The Founding Fathers vs. the “Dangerous Influence of Those Multitudes Without Property”

Hi. Following up on my article The True Purpose of the US Senate The proceedings of the Constitutional Convention of 1787 are full of interesting information. Let's read some of the commentary on the discussion concerning Article 4: The legislative Power of the United States shall be vested in two (Branches a Senate and a House …

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Property: The “Unmovable Concernment” of Government

In 1691, John Lock wrote a letter of a Member of Parliament in London titled Some Considerations of the Consequences of the Lowering of Interest and Raising the Value of Money. Locke wrote in his letter: The multiplying of Brokers hinders the Trade of any Country, by making the Circuit, which the Money goes, larger, …

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John Adams On Reasons for Restricting Democracy

26 May 1776, Philadelphia, USA. Letter from John Adams to James Sullivan (Lawyer and politician of Massachusetts) Adams is responding to Sulliavn's claim that "Laws and Government are founded on the Consent of the people, and that consent should by each member of Society be given in proportion to his Right. Every member of Society …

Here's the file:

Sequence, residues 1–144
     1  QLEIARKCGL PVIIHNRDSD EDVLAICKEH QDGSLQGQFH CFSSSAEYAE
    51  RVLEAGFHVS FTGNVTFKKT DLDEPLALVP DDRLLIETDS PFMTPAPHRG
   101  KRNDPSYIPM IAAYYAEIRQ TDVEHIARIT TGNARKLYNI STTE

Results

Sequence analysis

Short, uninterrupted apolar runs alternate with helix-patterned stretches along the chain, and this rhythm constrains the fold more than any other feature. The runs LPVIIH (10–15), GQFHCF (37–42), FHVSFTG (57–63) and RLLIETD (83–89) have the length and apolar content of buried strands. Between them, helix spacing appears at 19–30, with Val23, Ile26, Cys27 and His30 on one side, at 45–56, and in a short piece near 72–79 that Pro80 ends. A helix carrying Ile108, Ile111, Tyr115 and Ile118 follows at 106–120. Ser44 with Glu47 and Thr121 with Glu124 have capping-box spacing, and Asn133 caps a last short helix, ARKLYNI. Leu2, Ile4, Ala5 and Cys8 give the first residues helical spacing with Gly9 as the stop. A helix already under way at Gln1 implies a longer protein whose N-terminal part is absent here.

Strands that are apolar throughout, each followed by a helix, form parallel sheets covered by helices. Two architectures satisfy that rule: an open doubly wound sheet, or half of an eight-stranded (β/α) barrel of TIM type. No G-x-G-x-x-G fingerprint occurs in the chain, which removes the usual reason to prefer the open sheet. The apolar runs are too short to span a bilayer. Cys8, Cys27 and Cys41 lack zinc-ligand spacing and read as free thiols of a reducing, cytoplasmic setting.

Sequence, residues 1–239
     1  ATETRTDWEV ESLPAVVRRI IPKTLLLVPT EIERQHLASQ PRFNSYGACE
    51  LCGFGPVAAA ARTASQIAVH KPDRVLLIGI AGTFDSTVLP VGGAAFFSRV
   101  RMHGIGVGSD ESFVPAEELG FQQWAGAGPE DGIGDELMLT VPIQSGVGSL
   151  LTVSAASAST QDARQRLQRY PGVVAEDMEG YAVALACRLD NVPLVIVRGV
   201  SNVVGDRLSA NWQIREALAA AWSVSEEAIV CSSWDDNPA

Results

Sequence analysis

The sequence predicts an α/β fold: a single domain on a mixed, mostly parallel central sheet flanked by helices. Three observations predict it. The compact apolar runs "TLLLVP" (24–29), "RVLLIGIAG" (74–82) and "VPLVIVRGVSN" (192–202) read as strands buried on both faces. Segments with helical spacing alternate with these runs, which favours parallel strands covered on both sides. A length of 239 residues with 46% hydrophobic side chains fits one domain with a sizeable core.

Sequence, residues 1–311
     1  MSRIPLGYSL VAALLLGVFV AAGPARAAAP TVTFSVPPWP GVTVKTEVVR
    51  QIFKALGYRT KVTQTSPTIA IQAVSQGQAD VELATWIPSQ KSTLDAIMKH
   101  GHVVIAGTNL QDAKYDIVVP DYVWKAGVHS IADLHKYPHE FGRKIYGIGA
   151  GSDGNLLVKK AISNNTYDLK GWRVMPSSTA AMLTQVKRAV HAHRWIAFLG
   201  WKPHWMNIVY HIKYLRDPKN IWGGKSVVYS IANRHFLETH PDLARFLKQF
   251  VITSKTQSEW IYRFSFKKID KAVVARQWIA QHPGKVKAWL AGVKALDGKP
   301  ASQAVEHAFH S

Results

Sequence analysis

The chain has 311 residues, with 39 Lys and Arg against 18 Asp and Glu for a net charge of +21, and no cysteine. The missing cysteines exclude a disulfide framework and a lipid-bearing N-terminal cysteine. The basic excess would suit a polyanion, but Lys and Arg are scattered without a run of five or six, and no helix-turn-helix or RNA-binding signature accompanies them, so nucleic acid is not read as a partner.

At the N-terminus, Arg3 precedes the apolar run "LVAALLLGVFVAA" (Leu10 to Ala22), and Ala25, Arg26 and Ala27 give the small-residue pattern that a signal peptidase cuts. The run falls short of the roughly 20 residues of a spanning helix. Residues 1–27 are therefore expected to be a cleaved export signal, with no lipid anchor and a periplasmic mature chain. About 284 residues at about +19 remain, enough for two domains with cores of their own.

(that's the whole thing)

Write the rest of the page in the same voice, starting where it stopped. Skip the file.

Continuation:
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David Hume on the Passing of Property

David Hume, Essays, Moral, Political, and Literary (1742) Part II, Essay XII - OF THE ORIGINAL CONTRACT But to whom is allegiance due? And who is our lawful sovereign? This question is often the most difficult of any, and liable to infinite discussions. When people are so happy, that they can answer, Our present sovereign, …

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John Locke Justifies the Theft of Land from Native Americans

Let's talk John Locke. On 16 January 1811, Thomas Jefferson wrote a letter to Benjamin Rush stating: The room being hung around with a collection of the portraits of remarkable men, among them were those of Bacon, Newton & Locke. Hamilton asked me who they were. I told him they were my trinity of the …

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John Lock Justifies Slavery

Let's talk John Locke. On 16 January 1811, Thomas Jefferson wrote a letter to Benjamin Rush stating: The room being hung around with a collection of the portraits of remarkable men, among them were those of Bacon, Newton & Locke. Hamilton asked me who they were. I told him they were my trinity of the …

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Aristotle on Oligarchy vs Democracy

Aristotle's Politics, ~350 BCE, Book 3: Oligarchy is when men of property have the government in their hands; democracy, the opposite, when the indigent, and not the men of property, are the rulers The argument seems to show that, whether in oligarchies or in democracies, the number of the governing body, whether the greater number, …

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